Kathryn Baron, co-writer of TOP-Ed (Thoughts On Public Education in California), has been covering education in California for about 15 years; most of that time at KQED Public Radio where her reports aired on The California Report as well as various National Public Radio programs. She also wrote for magazines and newspapers before going virtual as producer and editor at The George Lucas Educational Foundation. Kathy grew up in New York in a family of teachers. She moved to California for graduate school and after spending one sunny New Year’s Day riding her bicycle in the foothills, decided to stay. She and her husband live in Belmont. They have two children, one in college and one in high school.

7 thoughts on “Gov. Brown signs Dream Act – Part 1

  1. Pat

    It is more affordable for illegal people to attend colleges and universities in their country of origin. California is already financially broken because of too many entitlement programs. The special funds and scholarships should be only for citizens of the United States. Citizenship should be a requirement for all people in order to partake of the educational financial benefits offered.

    This is a serious manner when thousands of californians are not eligble to participate in the programs because they are not illegal people.

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  2. edfundwonk

    Those who claim that AB 130 has no impact on the amount of financial aid available for legal citizen residents of California are sadly mistaken. UC’s financial aid has always been funded from a mix of public and private sources. Private sources include alumni donations and even the 1/3 of tuition revenues that UC sets aside for financial aid. For practical purposes, the source of funds — public or private — is irrelevant.  There is a single “pot” of money available for financial aid. The distribution of aid from this pot is a zero-sum game. Aid awarded one student is aid denied another.

    Before AB 130, only legal citizen residents were eligible for aid from this pot. Now illegal immigrants are eligible, provided that the total aid awarded them doesn’t exceed the amount in the pot that was funded from non-governmental sources. Clearly, any financial aid awarded illegal immigrants access must reduce the amount of aid available for legal California residents on an equal dollar-for-dollar basis.

    Even if illegal immigrants’ eligibility was limited to new (i.e., increased) privately funded aid — which it is not — aid provided legitimate citizen residents could decrease. This is because the size of the financial aid pot is determined by UC. If private donations increased, there would be nothing to stop UC from keeping the pot the same by reducing the amount of tuition revenue redirected to aid and using the freed up funds to mitigate the impact of budget cuts in other areas.

    It must be noted that, although the California Supreme Court held that California’s statute that granted eligibility for lower in-state tuition rates to, among others, illegal immigrants, did not violate federal law, there is nothing in the decision that requires the state to do so. All it takes is an act of the Legislature to repeal this law and return to the status quo ante.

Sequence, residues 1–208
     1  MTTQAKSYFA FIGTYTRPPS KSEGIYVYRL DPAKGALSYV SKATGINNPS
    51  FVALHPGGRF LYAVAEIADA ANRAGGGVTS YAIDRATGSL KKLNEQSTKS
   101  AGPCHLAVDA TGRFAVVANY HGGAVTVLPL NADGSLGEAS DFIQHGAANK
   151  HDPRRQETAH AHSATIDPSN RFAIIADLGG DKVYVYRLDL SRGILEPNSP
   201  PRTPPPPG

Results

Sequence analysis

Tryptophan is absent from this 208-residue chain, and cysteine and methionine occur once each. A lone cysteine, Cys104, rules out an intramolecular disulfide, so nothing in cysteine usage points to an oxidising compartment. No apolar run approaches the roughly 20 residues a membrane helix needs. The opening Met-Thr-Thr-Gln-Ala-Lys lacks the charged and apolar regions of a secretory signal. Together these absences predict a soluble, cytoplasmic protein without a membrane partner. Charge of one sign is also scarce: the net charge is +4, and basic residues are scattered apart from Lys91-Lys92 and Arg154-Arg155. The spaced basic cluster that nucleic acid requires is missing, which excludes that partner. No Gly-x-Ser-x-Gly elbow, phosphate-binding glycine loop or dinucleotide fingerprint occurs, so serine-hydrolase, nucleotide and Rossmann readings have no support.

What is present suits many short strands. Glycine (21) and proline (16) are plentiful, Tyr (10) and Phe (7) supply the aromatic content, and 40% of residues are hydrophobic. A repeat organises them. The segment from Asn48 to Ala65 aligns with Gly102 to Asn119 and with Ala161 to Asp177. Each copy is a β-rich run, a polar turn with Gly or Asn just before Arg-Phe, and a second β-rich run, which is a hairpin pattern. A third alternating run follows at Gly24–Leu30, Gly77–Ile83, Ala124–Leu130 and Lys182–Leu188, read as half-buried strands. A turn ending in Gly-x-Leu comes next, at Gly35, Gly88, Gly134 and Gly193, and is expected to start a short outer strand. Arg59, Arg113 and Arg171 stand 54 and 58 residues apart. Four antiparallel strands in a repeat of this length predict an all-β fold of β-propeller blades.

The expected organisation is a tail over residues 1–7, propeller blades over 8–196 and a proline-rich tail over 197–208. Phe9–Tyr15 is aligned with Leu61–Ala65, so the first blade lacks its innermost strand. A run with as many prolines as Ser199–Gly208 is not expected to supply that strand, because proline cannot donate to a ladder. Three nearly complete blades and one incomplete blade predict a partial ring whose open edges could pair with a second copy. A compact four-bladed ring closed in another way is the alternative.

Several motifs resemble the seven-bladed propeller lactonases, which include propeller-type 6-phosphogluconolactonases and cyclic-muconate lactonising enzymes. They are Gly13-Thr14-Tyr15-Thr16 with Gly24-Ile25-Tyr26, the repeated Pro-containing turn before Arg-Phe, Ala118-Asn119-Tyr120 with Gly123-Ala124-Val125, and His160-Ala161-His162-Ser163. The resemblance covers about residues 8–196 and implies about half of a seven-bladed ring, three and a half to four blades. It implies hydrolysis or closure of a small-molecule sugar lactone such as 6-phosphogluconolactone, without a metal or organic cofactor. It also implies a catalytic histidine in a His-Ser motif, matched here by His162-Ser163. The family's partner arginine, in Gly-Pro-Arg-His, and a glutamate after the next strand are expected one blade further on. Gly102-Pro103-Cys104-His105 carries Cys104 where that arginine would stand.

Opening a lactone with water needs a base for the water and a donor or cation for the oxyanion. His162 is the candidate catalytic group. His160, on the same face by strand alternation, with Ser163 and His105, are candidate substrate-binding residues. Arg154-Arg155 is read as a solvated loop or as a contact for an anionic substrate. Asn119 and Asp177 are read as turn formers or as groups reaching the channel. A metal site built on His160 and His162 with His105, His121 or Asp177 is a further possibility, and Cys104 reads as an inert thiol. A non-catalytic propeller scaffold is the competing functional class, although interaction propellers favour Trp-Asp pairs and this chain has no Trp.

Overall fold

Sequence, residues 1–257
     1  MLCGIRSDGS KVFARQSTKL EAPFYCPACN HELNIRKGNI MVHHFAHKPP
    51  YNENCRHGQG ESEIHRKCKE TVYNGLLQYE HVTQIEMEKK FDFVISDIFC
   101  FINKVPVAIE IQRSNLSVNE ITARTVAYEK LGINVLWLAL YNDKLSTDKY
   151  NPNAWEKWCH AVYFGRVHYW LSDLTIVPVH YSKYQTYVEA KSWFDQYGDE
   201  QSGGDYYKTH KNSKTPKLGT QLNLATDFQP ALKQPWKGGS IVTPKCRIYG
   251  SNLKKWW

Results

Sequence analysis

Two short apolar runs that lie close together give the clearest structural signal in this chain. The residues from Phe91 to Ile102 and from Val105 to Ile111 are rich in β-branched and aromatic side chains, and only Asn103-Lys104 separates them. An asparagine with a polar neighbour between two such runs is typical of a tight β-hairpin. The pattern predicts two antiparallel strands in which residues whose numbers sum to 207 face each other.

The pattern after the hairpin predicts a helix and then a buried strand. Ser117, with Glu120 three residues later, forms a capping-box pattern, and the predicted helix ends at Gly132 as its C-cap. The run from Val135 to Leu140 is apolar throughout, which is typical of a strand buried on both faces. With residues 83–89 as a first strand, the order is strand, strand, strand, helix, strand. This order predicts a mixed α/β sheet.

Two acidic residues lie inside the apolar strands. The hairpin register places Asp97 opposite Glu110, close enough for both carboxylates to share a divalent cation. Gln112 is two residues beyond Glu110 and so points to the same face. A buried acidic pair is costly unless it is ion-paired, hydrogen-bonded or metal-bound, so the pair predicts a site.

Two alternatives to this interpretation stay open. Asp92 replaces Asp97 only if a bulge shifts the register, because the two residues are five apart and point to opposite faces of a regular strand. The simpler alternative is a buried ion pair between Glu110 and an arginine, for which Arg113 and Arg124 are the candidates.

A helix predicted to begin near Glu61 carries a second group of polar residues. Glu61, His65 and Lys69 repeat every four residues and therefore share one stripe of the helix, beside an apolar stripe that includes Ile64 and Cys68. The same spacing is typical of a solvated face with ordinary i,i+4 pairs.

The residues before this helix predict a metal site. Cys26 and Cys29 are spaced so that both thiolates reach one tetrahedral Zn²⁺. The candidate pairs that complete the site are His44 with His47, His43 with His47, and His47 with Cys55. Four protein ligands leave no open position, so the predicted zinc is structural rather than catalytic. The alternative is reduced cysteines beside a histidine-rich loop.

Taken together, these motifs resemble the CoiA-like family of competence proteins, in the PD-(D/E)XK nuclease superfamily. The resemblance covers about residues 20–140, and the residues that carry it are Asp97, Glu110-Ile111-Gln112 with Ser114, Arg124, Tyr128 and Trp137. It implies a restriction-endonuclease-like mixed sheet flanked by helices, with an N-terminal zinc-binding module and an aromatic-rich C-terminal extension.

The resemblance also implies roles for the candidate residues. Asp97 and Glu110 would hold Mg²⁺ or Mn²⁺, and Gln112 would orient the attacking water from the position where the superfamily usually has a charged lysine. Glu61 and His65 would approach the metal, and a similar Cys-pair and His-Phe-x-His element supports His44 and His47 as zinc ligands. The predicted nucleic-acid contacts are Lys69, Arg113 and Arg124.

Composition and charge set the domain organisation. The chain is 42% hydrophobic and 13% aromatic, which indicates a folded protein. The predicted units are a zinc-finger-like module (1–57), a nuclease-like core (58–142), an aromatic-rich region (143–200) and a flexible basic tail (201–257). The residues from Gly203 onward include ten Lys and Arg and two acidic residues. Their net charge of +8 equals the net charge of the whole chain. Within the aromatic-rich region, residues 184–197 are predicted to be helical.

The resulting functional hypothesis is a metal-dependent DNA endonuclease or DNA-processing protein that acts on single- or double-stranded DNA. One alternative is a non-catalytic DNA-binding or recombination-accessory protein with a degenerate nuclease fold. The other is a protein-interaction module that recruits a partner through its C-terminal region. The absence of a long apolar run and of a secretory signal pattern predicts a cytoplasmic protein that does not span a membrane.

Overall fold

In fact, one can make a reasonable case that Congress intended to prevent — or strongly deter –states from granting in-state tuition rates, financial aid, and other benefits to illegal immigrants. Specifically, federal law states that illegal immigrants “shall NOT be eligible on the basis of RESIDENCE within a state for any postsecondary education benefit… UNLESS a US citizen or national is eligible for such benefit without regard to whether he is a resident.” (8 USC 1623, emphasis added) In other words, if an illegal immigrant is eligible for lower, resident tuition based on the fact that he’s a state resident, the state has to make every other US citizen or national eligible for the resident tuition rate.

    It’s doubtful that Congress foresaw that a state might circumvent this deterrent by granting resident tuition rates based on criteria that included all state residents, regardless of citizenship status, and — as a practical matter — excluded virtually every non-state resident. Yet, this is precisely what the Legislature did in adopting three criteria governing eligibility for resident (in-state) tuition: (1) attend a California HS for three years, (2) graduate from a California HS, and,  in the case of illegal immigrants (3), file a declaration that he or she has applied — or intends to apply — for citizenship.

    Although highly correlated with residency, the criteria are not specifically residency-based. To prove this point, proponents gave an example – possible but highly unlikely — of a non-resident who attended and graduated from a California boarding school. The California Supreme Court agreed and, on this basis, held that our state law did not violate the federal 8 USC 1623. It would also be legal, however, to limit eligibility for resident tuition rates and state university-administered financial aid to citizen residents of California and exclude illegal immigrants.